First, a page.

HM Revenue and Customs will go back to court with Hargreaves Lansdown as it appeals a multi-million pound judgement on loyalty bonuses for investors.
In March, Hargreaves successfully defended its position over the so-called “discount tax”, arguing that rebates of annual charges, such as loyalty bonuses, paid on funds held outside Isa or Sipps should be allowed to be passed back to investors tax-free.
HMRC changed its rules on returning discounts in April 2013. Hargreaves had been paying loyalty bonuses for at least 15 years before this, but they would now be taxed as income and paid net of the basic rate tax, and would have to be declared on tax returns.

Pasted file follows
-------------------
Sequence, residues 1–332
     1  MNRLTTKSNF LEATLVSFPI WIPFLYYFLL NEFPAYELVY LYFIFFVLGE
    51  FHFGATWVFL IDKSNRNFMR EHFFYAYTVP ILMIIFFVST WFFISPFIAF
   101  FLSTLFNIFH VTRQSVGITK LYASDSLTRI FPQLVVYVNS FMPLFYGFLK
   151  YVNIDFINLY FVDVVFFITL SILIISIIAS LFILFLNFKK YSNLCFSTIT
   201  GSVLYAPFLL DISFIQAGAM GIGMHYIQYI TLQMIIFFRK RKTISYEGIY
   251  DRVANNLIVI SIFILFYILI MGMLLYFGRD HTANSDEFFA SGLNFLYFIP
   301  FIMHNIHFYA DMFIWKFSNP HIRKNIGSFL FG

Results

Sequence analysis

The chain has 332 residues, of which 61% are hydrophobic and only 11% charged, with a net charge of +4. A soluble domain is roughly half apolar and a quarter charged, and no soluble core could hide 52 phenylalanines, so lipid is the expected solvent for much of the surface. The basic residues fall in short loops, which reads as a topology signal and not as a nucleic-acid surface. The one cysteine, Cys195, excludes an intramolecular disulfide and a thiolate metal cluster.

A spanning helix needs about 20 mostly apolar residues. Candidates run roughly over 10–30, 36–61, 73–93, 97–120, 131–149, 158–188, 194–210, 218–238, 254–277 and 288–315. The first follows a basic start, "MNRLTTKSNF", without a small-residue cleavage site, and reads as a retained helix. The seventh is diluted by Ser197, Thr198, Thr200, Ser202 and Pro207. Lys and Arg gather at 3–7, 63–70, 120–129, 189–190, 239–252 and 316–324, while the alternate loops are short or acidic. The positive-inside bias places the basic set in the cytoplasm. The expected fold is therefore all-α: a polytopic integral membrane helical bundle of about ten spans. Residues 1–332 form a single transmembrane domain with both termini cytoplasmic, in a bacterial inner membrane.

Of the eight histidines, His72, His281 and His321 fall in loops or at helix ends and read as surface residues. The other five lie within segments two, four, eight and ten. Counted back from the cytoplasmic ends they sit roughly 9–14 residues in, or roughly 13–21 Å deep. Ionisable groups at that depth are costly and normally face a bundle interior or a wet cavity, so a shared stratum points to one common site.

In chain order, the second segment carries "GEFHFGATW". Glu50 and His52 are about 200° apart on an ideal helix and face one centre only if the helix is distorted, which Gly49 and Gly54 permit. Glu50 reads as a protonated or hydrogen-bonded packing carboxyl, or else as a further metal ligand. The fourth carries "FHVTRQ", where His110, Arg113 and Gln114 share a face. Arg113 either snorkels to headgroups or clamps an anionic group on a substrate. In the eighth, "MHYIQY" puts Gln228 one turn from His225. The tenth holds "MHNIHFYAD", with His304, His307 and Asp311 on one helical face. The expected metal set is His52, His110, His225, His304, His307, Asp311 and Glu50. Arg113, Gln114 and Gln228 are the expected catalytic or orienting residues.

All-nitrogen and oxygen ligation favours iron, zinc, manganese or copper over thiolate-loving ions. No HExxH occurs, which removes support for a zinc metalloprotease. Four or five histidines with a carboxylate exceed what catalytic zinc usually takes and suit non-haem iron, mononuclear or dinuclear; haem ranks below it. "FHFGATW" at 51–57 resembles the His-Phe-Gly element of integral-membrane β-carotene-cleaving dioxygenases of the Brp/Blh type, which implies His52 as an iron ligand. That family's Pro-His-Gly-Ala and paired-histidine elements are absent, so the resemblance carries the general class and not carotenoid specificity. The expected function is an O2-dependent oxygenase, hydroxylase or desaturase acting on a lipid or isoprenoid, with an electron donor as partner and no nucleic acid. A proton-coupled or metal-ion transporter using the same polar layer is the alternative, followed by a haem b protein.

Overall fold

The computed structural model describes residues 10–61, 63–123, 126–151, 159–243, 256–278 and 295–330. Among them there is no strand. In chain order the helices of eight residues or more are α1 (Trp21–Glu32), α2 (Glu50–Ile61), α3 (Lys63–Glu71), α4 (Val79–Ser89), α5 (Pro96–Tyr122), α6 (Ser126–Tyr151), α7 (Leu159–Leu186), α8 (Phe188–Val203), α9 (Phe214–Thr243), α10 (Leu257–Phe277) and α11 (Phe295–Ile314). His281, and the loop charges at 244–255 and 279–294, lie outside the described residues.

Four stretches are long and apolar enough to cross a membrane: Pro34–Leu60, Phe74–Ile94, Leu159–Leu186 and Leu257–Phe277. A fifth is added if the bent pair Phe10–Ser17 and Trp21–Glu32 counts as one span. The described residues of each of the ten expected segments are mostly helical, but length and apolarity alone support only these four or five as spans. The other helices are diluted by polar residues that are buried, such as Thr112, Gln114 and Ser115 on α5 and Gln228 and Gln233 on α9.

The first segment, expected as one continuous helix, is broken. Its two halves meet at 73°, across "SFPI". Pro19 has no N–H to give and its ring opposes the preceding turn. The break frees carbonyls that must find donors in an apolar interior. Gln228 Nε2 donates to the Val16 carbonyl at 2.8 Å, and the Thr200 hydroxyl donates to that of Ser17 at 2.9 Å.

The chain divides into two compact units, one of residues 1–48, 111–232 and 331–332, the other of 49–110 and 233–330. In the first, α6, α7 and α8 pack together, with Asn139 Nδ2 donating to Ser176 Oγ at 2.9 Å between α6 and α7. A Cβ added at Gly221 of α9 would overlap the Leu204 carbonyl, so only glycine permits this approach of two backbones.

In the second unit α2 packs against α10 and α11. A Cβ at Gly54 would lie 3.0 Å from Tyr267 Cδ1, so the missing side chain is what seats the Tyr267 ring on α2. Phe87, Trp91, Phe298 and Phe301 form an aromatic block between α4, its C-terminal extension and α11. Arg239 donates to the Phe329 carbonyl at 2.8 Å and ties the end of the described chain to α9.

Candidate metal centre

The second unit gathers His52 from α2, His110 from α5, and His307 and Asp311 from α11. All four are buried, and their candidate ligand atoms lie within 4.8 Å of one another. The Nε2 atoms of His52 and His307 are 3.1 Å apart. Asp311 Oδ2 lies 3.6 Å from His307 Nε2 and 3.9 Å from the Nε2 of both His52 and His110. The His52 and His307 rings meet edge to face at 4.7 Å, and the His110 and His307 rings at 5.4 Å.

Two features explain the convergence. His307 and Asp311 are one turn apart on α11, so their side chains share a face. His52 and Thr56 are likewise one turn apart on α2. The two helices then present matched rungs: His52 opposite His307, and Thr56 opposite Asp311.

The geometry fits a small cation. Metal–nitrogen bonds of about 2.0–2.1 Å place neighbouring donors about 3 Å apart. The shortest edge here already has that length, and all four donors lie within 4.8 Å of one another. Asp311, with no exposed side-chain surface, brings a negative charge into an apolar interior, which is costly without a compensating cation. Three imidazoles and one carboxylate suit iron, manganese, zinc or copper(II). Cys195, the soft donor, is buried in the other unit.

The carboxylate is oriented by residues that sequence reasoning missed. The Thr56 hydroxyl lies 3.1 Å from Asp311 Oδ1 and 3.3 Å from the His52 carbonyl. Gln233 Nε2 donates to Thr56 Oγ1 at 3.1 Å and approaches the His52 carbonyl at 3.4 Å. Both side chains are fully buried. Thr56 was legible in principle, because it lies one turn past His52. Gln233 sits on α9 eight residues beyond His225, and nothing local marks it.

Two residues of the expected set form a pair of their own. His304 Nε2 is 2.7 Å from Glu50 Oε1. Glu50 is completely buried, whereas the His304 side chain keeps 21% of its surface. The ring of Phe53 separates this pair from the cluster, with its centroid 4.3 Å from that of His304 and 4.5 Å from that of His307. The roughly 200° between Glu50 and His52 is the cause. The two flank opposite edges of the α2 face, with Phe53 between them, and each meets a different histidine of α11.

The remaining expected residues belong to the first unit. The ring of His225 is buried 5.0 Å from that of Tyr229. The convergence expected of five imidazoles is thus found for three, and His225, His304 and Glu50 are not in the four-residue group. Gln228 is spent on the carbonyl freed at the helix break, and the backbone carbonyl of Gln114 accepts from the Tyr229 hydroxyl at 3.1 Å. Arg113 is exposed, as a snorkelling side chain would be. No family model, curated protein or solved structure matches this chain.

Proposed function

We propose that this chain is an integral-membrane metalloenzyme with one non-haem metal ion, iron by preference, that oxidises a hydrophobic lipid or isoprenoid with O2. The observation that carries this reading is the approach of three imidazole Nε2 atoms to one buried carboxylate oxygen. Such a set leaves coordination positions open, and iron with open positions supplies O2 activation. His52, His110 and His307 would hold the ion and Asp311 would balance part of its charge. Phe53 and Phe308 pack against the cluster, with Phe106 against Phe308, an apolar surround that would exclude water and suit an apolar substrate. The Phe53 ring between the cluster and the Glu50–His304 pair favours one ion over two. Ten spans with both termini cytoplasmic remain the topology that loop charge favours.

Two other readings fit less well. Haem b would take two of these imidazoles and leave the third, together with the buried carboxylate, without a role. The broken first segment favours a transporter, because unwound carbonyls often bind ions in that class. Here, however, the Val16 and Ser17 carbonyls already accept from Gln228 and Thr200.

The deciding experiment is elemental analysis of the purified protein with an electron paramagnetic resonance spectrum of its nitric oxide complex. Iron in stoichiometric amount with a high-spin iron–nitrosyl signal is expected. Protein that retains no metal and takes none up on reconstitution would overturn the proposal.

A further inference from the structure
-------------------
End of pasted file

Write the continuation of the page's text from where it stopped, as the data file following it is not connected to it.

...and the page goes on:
Hargreaves has postponed all payments while the tax position is clarified.
Hargreaves claimed it would be able to collectively return £15m to around 150,000 investors as a result of the ruling, but HMRC has now decided to appeal the March tribunal judgment.
The appeal is now due to run until the first half of next year.
Hargreaves Lansdown chief executive Chris Hill says: “The discount tax has always been an unnecessary and unwarranted attack on private investors…We see no reason why we would not be successful at appeal.”